As an alternative to the withdrawal of the introducer sheath as described in the foregoing methods, pusher 112 could advance the filter from delivery tube 106 and through the opening into the vessel.
Note the other filters described herein could be inserted in the same manner as described above via a femoral or jugular approach.
The filters 700 and 900 can be removed from access through the internal jugular vein or femoral vein. Various methods can be used to remove the filter such as those described in commonly assigned co-pending application serial Ser. No. 09/911,097, filed Jul. 23, 2001, now published application 2002-0193827-A1, published Dec. 19, 2001, the entire contents of which is incorporated herein by reference, including, for example, slotted hooks, graspers, etc. For example, the recess or cutout in the tubular end portions of filters 700 and 900 receive a snare or other device for removal. Filter 400 can also be removed.
Cold saline is injected during the removal process to cool the filters 700 and 900 to change the temperature to transition to a softer martensitic state to facilitate removal. That is, injection of cold saline will cause the filter to approach its martensitic state, bringing the filter to a more flexible condition. The flexible condition facilitates the collapse and withdrawal of the filter into the retrieval sheath by decreasing the frictional contact between the filter and the inner surface of the retrieval sheath.
While the above description contains many specifics, those specifics should not be construed as limitations on the scope of the disclosure, but merely as exemplifications of preferred embodiments thereof. For example, the filters can be inserted in other regions of the body. Also, the cartridge can be used to load other vascular devices. Those skilled in the art will envision many other possible variations that are within the scope and spirit of the disclosure as defined by the claims appended hereto.
|Cited Patent||Filing date||Publication date||Applicant||Title|
|US2453901 *||Dec 23, 1944||Nov 16, 1948||Gonsett Robert R||Compound wrench and screw driver|
|US3744492||Apr 7, 1971||Jul 10, 1973||Leibinsohn S||Drip chamber|
|US4266815 *||Jul 2, 1979||May 12, 1981||Smiths Industries Limited||Connectors|
|US4425908||Oct 22, 1981||Jan 17, 1984||Beth Israel Hospital||Blood clot filter|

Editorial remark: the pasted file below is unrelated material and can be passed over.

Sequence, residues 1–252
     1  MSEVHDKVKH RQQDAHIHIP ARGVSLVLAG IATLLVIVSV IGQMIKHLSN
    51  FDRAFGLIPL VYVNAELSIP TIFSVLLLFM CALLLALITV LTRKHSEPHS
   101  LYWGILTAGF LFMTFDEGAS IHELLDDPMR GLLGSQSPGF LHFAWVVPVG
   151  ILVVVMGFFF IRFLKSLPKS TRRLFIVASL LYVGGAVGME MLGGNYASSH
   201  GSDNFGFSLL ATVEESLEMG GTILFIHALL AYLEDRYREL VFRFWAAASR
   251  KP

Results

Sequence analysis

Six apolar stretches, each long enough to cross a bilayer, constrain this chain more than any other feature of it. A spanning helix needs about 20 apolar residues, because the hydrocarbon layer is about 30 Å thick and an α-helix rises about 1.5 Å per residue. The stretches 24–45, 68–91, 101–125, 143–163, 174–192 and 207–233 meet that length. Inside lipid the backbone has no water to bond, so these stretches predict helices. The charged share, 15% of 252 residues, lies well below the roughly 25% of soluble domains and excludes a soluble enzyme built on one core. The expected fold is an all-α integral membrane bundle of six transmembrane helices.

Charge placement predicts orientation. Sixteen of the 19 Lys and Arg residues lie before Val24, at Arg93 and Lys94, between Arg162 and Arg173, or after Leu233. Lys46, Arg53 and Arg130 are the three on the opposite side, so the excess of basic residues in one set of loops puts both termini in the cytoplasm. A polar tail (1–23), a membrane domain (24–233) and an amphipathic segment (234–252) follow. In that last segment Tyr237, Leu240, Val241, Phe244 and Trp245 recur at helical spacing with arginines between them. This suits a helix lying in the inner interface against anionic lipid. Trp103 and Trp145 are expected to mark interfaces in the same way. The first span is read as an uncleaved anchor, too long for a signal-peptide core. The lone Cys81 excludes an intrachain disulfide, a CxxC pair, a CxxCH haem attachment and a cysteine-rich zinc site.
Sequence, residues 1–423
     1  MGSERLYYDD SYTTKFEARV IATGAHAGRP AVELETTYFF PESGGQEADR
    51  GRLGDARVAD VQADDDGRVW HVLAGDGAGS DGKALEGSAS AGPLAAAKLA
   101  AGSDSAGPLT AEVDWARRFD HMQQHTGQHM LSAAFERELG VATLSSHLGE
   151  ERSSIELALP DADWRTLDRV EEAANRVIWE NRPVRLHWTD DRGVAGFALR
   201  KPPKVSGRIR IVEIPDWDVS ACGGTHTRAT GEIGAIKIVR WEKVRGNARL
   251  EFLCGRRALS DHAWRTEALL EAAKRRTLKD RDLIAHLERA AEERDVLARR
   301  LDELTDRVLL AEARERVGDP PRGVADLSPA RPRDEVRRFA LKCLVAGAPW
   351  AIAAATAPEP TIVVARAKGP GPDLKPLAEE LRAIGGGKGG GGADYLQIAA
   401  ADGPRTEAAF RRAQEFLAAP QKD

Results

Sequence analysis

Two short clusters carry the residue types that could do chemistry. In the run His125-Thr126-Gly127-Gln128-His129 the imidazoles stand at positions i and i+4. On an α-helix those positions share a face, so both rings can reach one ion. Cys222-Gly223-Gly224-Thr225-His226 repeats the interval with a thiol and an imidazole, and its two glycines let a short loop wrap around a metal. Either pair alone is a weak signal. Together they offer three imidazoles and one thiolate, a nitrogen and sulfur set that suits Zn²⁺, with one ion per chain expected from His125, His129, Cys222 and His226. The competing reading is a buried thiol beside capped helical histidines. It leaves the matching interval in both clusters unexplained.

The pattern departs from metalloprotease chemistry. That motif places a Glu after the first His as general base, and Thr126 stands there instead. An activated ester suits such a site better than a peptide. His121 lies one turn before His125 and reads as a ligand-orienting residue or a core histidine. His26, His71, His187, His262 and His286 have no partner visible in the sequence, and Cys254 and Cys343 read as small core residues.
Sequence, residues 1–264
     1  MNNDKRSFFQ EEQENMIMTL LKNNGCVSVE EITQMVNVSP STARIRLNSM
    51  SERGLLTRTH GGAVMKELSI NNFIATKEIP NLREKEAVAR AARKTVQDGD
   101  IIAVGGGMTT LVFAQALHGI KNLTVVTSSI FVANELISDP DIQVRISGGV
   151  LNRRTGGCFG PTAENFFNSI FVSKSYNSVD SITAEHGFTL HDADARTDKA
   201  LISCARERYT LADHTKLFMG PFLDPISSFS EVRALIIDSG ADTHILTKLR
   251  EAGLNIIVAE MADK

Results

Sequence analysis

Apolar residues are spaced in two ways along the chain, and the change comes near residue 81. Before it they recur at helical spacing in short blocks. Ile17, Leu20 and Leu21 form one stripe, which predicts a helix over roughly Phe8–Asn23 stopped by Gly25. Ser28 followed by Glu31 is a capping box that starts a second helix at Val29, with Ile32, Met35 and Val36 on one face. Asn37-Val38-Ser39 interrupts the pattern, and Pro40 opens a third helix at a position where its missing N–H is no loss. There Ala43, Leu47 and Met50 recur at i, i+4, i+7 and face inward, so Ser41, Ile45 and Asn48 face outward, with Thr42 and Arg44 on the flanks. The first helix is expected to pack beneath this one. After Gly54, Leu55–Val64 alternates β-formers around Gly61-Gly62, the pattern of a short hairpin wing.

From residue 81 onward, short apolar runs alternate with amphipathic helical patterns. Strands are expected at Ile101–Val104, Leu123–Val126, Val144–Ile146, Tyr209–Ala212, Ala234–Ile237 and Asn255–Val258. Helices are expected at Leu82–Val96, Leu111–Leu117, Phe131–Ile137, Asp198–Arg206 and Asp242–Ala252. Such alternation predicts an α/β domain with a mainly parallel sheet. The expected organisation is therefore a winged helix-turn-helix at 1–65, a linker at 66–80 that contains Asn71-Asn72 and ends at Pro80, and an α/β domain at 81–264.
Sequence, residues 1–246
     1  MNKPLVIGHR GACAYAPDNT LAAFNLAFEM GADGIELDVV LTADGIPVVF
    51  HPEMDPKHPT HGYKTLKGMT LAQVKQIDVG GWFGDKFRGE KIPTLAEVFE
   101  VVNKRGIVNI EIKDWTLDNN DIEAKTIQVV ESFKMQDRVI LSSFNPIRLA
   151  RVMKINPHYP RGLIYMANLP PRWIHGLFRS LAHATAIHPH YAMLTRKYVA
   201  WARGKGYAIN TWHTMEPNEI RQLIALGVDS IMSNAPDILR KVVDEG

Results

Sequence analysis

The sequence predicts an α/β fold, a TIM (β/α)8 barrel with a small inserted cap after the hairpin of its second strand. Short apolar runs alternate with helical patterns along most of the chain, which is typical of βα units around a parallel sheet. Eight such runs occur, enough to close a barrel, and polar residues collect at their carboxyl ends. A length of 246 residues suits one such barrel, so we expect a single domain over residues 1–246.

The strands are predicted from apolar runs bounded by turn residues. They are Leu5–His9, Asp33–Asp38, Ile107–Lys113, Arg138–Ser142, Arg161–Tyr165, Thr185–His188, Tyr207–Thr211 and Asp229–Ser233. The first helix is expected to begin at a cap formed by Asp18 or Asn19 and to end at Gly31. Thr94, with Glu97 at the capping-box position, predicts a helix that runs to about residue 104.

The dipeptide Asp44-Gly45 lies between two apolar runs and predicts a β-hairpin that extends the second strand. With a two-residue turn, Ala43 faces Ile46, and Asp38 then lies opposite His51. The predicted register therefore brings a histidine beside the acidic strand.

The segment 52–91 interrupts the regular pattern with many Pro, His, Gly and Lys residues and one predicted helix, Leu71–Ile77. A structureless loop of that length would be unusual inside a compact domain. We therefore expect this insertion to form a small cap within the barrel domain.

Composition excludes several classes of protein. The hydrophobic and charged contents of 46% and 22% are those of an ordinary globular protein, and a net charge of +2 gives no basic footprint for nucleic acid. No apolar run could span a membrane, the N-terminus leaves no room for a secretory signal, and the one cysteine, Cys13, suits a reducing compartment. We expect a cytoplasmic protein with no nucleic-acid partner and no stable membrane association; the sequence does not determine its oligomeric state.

|US5067957||Sep 27, 1988||Nov 26, 1991||Raychem Corporation||Method of inserting medical devices incorporating SIM alloy elements|
|US5152777||Jan 25, 1989||Oct 6, 1992||Uresil Corporation||Device and method for providing protection from emboli and preventing occulsion of blood vessels|
|US5188616 *||Oct 16, 1991||Feb 23, 1993||Celsa L.G. (Societe Anomyne)||Syringe with double plunger|
|US5324304||Jun 18, 1992||Jun 28, 1994||William Cook Europe A/S||Introduction catheter set for a collapsible self-expandable implant|
|US5479938||Feb 7, 1994||Jan 2, 1996||Cordis Corporation||Lumen diameter reference guidewire|
|US5626605||Dec 30, 1992||May 6, 1997||Scimed Life Systems, Inc.||Thrombosis filter|
|US5681347||May 23, 1995||Oct 28, 1997||Boston Scientific Corporation||Vena cava filter delivery system|
|US5755790||Apr 12, 1996||May 26, 1998||B. Braun Celsa||Intraluminal medical device|
|US5836968||Jul 16, 1997||Nov 17, 1998||Nitinol Medical Technologies, Inc.||Removable embolus blood clot filter|
|US5895410||Sep 12, 1997||Apr 20, 1999||B. Braun Medical, Inc.||Introducer for an expandable vascular occlusion device|
|US6099549||Jun 11, 1999||Aug 8, 2000||Cordis Corporation||Vascular filter for controlled release|
|US6165179||Aug 2, 1999||Dec 26, 2000||Boston Scientific Corporation||Vena cava delivery system|
|US6165198||Dec 12, 1995||Dec 26, 2000||Medtronic, Inc.||Embolic elements and methods and apparatus for their delivery|
|US6168603||Nov 6, 1997||Jan 2, 2001||Boston Scientific Corporation||Surgical extractor|
|US6231589||Mar 22, 1999||May 15, 2001||Microvena Corporation||Body vessel filter|
|US6328755||Sep 23, 1999||Dec 11, 2001||Scimed Life Systems, Inc.||Filter delivery device|
|US6331176 *||Mar 11, 1999||Dec 18, 2001||Advanced Cardiovascular Systems, Inc.||Bleed back control assembly and method|
|US6331184||Dec 10, 1999||Dec 18, 2001||Scimed Life Systems, Inc.||Detachable covering for an implantable medical device|
|US6342062||Sep 23, 1999||Jan 29, 2002||Scimed Life Systems, Inc.||Retrieval devices for vena cava filter|
|US6447530||Nov 25, 1997||Sep 10, 2002||Scimed Life Systems, Inc.||Atraumatic anchoring and disengagement mechanism for permanent implant device|
|US6537294||Oct 17, 2000||Mar 25, 2003||Advanced Cardiovascular Systems, Inc.||Delivery systems for embolic filter devices|
|US6544280||Nov 27, 2000||Apr 8, 2003||Scimed Life Systems, Inc.||Intravascular filter and method|
|US6569183||Oct 5, 2000||May 27, 2003||Scimed Life Systems, Inc.||Removable thrombus filter|
|US6623506||Jun 18, 2001||Sep 23, 2003||Rex Medical, L.P||Vein filter|
|US6706053||Apr 28, 2000||Mar 16, 2004||Advanced Cardiovascular Systems, Inc.||Nitinol alloy design for sheath deployable and re-sheathable vascular devices|
|US6712835||Jan 18, 2002||Mar 30, 2004||Ev3 Inc.||Method and device for filtering body fluid|